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I have this quadratic equation $$2x^2+x-3=0$$ that I wish to reconstruct from its roots. $$D=b^2-4ac=25$$ $$x_1=\frac {-b\pm \sqrt D} {2a} = 1 \text{ and } \frac {-2} 3$$ Now, I've always learned that by taking the product of the roots you get back your original equation. $$2x^2+x-3=(x-1)(x+1,5)$$ But this is incorrect, and if a do a polynomial long division I get $$2x^2+x-3=(x-1)*2(x+1,5)$$ So what I've learned appears to be wrong. But what is the correct way? All my old textbooks and online resources tell me nothing of this.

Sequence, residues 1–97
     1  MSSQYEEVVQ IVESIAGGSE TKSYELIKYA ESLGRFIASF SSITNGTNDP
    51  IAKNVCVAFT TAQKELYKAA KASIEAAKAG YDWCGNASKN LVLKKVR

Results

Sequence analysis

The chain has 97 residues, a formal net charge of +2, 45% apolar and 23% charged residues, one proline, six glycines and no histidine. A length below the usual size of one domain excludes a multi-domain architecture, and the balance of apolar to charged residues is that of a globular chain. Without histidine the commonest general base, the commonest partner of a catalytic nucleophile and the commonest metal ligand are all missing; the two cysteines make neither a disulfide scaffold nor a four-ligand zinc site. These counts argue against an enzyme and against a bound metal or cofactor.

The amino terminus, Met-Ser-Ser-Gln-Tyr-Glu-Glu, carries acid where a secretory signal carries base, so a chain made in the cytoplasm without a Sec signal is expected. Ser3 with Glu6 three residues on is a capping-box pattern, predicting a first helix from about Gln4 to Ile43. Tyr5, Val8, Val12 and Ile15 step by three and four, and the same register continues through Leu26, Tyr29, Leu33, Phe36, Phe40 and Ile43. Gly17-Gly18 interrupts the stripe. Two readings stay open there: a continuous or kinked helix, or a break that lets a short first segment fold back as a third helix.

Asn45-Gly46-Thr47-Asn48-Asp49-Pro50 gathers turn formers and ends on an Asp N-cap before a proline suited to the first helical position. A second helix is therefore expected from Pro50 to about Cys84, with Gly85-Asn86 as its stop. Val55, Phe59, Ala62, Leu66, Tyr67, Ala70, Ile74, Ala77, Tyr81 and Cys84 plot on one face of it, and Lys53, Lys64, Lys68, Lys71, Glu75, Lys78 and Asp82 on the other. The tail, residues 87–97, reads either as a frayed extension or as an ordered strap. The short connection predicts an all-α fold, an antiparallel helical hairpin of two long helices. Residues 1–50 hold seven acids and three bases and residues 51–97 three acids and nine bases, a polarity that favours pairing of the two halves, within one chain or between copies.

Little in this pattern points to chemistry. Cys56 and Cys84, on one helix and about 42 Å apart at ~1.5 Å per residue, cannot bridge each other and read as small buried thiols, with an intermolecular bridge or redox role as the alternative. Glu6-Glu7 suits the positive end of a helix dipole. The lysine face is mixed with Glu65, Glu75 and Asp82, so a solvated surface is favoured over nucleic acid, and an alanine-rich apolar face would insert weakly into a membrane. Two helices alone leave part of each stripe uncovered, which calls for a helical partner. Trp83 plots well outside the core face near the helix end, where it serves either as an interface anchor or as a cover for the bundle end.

Is it something like this? $$\text{original quadratic equation}=n(x-x_1)l(x-x_2) \text{ where } n,l \in \mathbb{Z} $$

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You cannot reconstruct a quadratic equation from its roots, only a monic quadratic equation.

More precisely, if $q(x)=0$ is a quadratic equation with roots $x_1$ and $x_2$, then $q(x)=a(x-x_1)(x-x_2)$ for some $a\ne 0$. The roots do not determine $a$.

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